A. V. Filippenko - University Berkeley

A. V. Filippenko
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A. V. Filippenko
University Berkeley
United States

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High Energy Astrophysical Phenomena (40)
Solar and Stellar Astrophysics (23)
Astrophysics of Galaxies (16)
Cosmology and Nongalactic Astrophysics (11)
Instrumentation and Methods for Astrophysics (1)

Publications Authored By A. V. Filippenko

Affiliations: 1Anton Pannekoek Institute for Astronomy, University of Amsterdam, Netherlands, 2Anton Pannekoek Institute for Astronomy, University of Amsterdam, Netherlands, 3Infrared Processing and Analysis Center, California Institute of Technology, Pasadena, USA, 4Space Telescope Science Institute, Baltimore, USA, 5Steward Observatory, University of Arizona, USA, 6Department of Physics, University of California, Davis, USA, 7Anton Pannekoek Institute for Astronomy, University of Amsterdam, Netherlands, 8Department of Astronomy, University of California, Berkeley, USA, 9Institute of Astronomy, Cambridge, UK, 10Department of Astronomy, University of California, Berkeley, USA, 11School of Physics and Astronomy, University of Birmingham, Birmingham, UK, 12Anton Pannekoek Institute for Astronomy, University of Amsterdam, Netherlands, 13Australian Astronomical Observatory, North Ryde, Australia

Many young, massive stars are found in close binaries. Using population synthesis simulations we predict the likelihood of a companion star being present when these massive stars end their lives as core-collapse supernovae (SNe). We focus on stripped-envelope SNe, whose progenitors have lost their outer hydrogen and possibly helium layers before explosion. Read More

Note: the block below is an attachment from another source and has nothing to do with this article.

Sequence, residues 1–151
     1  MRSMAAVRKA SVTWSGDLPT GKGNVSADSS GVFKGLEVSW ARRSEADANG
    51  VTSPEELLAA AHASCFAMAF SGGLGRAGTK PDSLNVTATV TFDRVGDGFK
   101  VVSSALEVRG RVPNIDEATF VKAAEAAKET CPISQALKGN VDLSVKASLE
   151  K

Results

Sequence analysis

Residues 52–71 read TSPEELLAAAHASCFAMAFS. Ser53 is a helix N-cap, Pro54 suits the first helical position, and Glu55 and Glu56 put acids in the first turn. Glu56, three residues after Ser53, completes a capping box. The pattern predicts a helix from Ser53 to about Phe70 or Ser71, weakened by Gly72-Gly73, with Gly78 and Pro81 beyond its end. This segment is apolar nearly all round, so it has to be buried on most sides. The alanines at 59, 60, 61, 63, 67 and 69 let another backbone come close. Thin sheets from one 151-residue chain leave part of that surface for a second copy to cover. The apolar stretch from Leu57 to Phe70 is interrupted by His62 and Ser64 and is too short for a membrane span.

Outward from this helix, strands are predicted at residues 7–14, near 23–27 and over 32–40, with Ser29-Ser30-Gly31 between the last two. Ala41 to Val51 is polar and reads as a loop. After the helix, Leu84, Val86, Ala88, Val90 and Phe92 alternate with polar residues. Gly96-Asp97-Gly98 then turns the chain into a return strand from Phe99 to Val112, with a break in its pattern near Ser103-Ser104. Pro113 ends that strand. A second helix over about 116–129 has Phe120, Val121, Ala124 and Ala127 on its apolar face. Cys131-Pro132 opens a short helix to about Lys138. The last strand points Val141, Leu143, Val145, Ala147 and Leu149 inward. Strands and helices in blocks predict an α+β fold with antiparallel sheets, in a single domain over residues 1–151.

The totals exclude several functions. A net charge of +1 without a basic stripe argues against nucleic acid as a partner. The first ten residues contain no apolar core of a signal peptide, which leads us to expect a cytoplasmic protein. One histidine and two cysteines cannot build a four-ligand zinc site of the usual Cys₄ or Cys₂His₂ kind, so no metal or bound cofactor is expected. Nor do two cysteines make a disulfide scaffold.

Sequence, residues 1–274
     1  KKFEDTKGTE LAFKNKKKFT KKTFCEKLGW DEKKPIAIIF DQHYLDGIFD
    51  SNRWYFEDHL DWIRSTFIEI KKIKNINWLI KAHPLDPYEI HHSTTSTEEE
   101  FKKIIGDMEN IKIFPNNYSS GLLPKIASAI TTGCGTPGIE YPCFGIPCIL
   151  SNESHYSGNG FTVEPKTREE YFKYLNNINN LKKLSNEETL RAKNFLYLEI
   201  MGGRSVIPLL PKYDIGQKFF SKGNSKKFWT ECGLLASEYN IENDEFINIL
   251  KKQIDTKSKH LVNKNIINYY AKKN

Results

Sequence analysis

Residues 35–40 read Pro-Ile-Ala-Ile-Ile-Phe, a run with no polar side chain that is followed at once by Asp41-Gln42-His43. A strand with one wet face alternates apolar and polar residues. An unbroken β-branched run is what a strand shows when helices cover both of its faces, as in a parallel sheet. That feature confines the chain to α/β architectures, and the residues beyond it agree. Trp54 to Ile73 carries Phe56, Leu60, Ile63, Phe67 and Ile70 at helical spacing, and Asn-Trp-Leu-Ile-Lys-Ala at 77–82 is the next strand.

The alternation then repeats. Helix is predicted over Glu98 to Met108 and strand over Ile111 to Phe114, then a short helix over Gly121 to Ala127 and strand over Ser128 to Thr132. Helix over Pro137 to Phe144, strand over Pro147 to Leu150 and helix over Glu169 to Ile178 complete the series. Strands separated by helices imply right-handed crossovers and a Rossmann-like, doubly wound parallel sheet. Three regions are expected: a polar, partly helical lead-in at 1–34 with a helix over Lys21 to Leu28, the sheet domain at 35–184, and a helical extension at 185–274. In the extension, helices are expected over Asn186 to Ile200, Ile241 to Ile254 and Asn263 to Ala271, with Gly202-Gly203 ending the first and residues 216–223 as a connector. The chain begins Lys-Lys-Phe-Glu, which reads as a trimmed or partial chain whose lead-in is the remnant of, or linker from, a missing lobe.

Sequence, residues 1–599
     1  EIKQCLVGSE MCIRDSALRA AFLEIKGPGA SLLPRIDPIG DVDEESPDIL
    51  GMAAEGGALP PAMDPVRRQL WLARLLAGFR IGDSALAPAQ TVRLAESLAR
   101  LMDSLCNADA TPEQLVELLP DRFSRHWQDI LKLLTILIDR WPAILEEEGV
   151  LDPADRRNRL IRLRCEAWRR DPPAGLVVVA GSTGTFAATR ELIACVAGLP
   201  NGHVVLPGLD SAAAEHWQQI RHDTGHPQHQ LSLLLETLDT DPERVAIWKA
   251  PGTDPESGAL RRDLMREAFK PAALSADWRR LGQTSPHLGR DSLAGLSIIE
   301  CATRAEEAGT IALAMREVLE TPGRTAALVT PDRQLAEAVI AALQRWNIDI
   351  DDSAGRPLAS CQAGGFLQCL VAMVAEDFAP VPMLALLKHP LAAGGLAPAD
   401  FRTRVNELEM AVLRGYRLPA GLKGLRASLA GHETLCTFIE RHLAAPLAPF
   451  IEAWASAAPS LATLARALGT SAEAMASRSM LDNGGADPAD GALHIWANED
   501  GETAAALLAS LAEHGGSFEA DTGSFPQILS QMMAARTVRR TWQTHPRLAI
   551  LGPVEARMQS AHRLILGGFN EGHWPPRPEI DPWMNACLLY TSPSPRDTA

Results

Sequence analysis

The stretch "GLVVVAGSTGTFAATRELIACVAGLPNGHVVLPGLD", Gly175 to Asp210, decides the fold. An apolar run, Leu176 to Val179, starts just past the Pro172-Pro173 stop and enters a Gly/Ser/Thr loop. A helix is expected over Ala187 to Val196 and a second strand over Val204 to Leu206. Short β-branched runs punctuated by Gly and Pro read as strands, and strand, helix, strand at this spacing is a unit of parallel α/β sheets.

Authors: S. Mathur, A. Gupta, K. Page, R. W. Pogge, Y. Krongold, M. R. Goad, S. M. Adams, M. D. Anderson, P. Arevalo, A. J. Barth, C. Bazhaw, T. G. Beatty, M. C. Bentz, A. Bigley, S. Bisogni, G. A. Borman, T. A. Boroson, M. C. Bottorff, W. N. Brandt, A. A. Breeveld, J. E. Brown, J. S. Brown, E. M. Cackett, G. Canalizo, M. T. Carini, K. I. Clubb, J. M. Comerford, C. T. Coker, E. M. Corsini, D. M. Crenshaw, S. Croft, K. V. Croxall, E. Dalla Bonta, A. J. Deason, K. D. Denney, A. De Lorenzo-Caceres, G. De Rosa, M. Dietrich, R. Edelson, J. Ely, M. Eracleous, P. A. Evans, M. M. Fausnaugh, G. J. Ferland, A. V. Filippenko, K. Flatland, O. D. Fox, E. L. Gates, N. Gehrels, S. Geier, J. M. Gelbord, V. Gorjian, J. E. Greene, C. J. Grier, D. Grupe, P. B. Hall, C. B. Henderson, S. Hicks, E. Holmbeck, T. W. -S. Holoien, D. Horenstein, Keith Horne, T. Hutchison, M. Im, J. J. Jensen, C. A. Johnson, M. D. Joner, J. Jones, J. Kaastra, S. Kaspi, B. C. Kelly, P. L. Kelly, J. A. Kennea, M. Kim, S. Kim, S. C. Kim, A. King, S. A. Klimanov, C. S. Kochanek, K. T. Korista, G. A. Kriss, M. W. Lau, J. C. Lee, D. C. Leonard, M. Li, P. Lira, Z. Ma, F. MacInnis, E. R. Manne-Nicholas, M. A. Malkan, J. C. Mauerhan, R. McGurk, I. M. McHardy, C. Montouri, L. Morelli, A. Mosquera, D. Mudd, F. Muller-Sanchez, R. Musso, S. V. Nazarov, H. Netzer, M. L. Nguyen, R. P. Norris, J. A. Nousek, P. Ochner, D. N. Okhmat, B. Ou-Yang, A. Pancoast, I. Papadakis, J. R. Parks, L. Pei, B. M. Peterson, A. Pizzella, R. Poleski, J. -U. Pott, S. E. Rafter, H. -W. Rix, J. Runnoe, D. A. Saylor, J. S. Schimoia, K. Schnülle, S. G. Sergeev, B. J. Shappee, I. Shivvers, M. Siegel, G. V. Simonian, A. Siviero, A. Skielboe, G. Somers, M. Spencer, D. Starkey, D. J. Stevens, H. -I. Sung, J. Tayar, N. Tejos, C. S. Turner, P. Uttley, J. Van Saders, M. Vestergaard, L. Vican, S. VillanuevaJr., C. Villforth, Y. Weiss, J. -H. Woo, H. Yan, S. Young, H. Yuk, W. Zheng, W. Zhu, Y. Zu